And Fr. Francis could see that this particular angel of death had turned out to be a comedian. So he made his way by stages to the bedside, sensing the mood of each grieving child, respecting the reserve of the atheist son, listening intently to their stories and wisecracks, laughing with them and making a few jokes of his own. And very lightly, without making a big deal of it, without quashing the celebration of a good life well lived, asking the assistance of the children when he could, he performed the Sacrament of Anointing for a dying father.

If you don’t do this work you don’t know how many emotions there are at a deathbed, and that only some of them are sad. There are cries and noise, but only some of it is weeping. A deathbed can be a merry place. A deathbed can be a school of gratitude for life.

A miracle does not contradict nature; it is, in the oldest sense, a thing to be marveled at. Faith is a way of facing the future, knowing that though my way of being in the world keeps changing, something marvelous can still happen. I left that room exalted. If my deathbed can be like this one, I shall not be afraid.

Congratulations to those who mourn, indeed. They have comforted me.

Wednesday, December 8, 2010

moral art

O gods . . .
Come down and redeem us from virtue.
--Algernon Charles Swinburne, “Dolores”

I have my grandpa’s knees. When I stand up, I channel him.

He hiked around his farm pointing to every shed and fence-post. His afternoon’s joy was to walk into banks, warehouses and stores where he was known as a customer or a creditor. “How you doin,’ Mr. C?” they would say.

But he flinched when he stood up from a chair. Bent at knees and waist, he could only shuffle his first dozen paces. Knee reconstruction might have extended his life. They can do these things much better nowadays, and someday I may schedule such repairs for myself.

If you do business in Manhattan and you are not wealthy, you walk. That’s why fewer Manhattans than Iowans are obese: you can’t drive from door to door. On every workday I walk a couple of miles. I go up and down hills. I climb two dozen or so staircases. This is not easy for the man with his grandpa’s knees.

But I will not be downhearted from a bit of ache. There are blue gelcaps available at the pharmacy. And there is of course my skill and discipline of movement.

I took my physical education not as a kid on playing fields, but as an adult in the performance studio, desperate to appear in public without humiliation. I wanted virtuoso skills, but the skills that made most difference were humble ones – speaking with words rather than against them, falling down and getting up, sitting and standing, walking and waiting. Knowing when to do a thing and when not yet. Doing one thing at a time, and completely. Learning that the strongest way is also easiest.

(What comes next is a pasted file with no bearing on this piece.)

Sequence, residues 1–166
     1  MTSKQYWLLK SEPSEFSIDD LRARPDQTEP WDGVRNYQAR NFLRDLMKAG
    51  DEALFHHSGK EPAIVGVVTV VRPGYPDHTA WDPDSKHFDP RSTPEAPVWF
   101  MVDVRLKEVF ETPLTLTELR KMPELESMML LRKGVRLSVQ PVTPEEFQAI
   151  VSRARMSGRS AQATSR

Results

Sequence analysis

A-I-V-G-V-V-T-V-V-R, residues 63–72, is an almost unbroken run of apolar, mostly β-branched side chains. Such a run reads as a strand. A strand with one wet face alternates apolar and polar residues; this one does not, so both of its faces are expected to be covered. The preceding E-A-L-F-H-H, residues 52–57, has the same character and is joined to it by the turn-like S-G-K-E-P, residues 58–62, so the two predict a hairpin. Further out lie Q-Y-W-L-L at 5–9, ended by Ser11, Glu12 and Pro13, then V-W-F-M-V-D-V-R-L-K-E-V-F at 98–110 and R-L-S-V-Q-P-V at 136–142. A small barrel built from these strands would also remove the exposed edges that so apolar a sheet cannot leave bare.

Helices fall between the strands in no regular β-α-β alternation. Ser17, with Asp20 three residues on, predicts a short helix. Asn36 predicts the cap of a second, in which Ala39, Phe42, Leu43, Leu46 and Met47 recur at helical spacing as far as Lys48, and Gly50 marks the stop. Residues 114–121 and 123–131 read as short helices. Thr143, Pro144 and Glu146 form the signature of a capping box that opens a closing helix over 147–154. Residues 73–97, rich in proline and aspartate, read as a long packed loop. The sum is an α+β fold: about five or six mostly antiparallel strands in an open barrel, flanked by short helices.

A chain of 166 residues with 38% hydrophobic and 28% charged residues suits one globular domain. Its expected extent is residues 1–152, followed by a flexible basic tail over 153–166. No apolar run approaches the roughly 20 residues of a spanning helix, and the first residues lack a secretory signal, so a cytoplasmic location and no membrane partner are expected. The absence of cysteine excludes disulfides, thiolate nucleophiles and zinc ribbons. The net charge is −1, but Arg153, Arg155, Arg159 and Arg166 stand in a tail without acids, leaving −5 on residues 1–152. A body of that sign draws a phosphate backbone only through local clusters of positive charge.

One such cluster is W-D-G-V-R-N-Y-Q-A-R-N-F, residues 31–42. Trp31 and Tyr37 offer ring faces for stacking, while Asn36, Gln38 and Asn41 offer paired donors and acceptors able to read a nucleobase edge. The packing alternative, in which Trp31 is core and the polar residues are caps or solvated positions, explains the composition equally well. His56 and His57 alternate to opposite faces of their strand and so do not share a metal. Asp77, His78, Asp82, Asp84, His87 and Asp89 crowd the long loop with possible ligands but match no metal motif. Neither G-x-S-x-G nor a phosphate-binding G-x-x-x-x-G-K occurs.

Transferring from the L to the Lex at Union Square, I must climb three flights of stairs before descending one. I’ve lost a few pounds a year for several years now. I think I left them at Union Square.

I look up that flight of stairs, and I know that when the moment comes I must not hold back. I imagine myself already at the summit. I must sweep to the top not in so many steps but in a single impulse. I put my knees and ankles and hips and feet in the same plane, I lean into the task, and launch. This is the way to get it done, rising above obstacles of age, decay and god-given awkwardness. How wise I am, how brave.

But now some idiot has stopped on the fifth step. In a red rage I halt. Nobody gave the order to halt, you bozo!

Sometimes the malefactor is an able young person, dawdling in a daydream, reading her blackberry, lounging up the stairs in what she imagines is a style. But sometimes it’s someone older and more overweight than I. Sometimes the malingerer has a cane and a limp.

Get over it! I’m no spring chicken either. I’m tired and I have places yet to go. I’ve got my grandpa’s knees to deal with, and I was doing a really good job until you dropped the ball. Do you see me halting and huffing and puffing, making a display of my difficulty? But you – you’ve made this worse for both of us. You’ve made my graceful ascent into ten laborious steps. By what right do you sabotage my art?

Such, in the flash of an instant, before civilization comes to my rescue, is my inner text. I learn two lessons in the face of my own savagery. First, that my immortal soul is most at risk as I am trotting out my virtues. Second, that there is a line of difference, below which suffering has no reward, and heroism no traction. If you live above the line, you’re tempted to cut no slack for those who live below it. Why can’t they just suck it up and work harder?

The great hymns to Hard Work are sung by people who have no experience of it. They ride on horseback through deathly fields of labor, work that wrecks the body and breaks the soul, while cheating the worker of his sacrifice’s value. Too big to fail, the riders smirk at those who provide their luxury, imagining that the difference between I and hey you there is one of character. They dream in the saddle that they are self-made.

I am both right and wrong in my moral art of stair-climbing. Right because I ought to transcend my pain rather than fetishizing it. Wrong because others lack the luxury of my choices. For some, there is no return to the right way of using their limbs, no reward for the discipline of climbing stairs, no virtuous cycle of weight loss and vascular gain but only a deathly spiral of unrefreshed fatigue and tissue damage. I ought to carry myself erect, but some cannot. “Another day older and deeper in debt,” goes the song.

I am one of Barbara Ehrenreich’s “managerial middle class.” We are bought off in genteel poverty with a fantasy of mobility, convinced that we have survived so far, and will some day rise above our mortal danger, by talent and effort. That’s the way someone wants it. We’re exploitable. We fear that with a single slip we’ll fall below the line, our floor that is a ceiling for others, below which virtue meets no reward. There are many slaves who work for wages. Imagining that we are in control, we can be cruel to those denied the fantasy.

Forgive us our debts, as we forgive our debtors. Shall the truth make us free?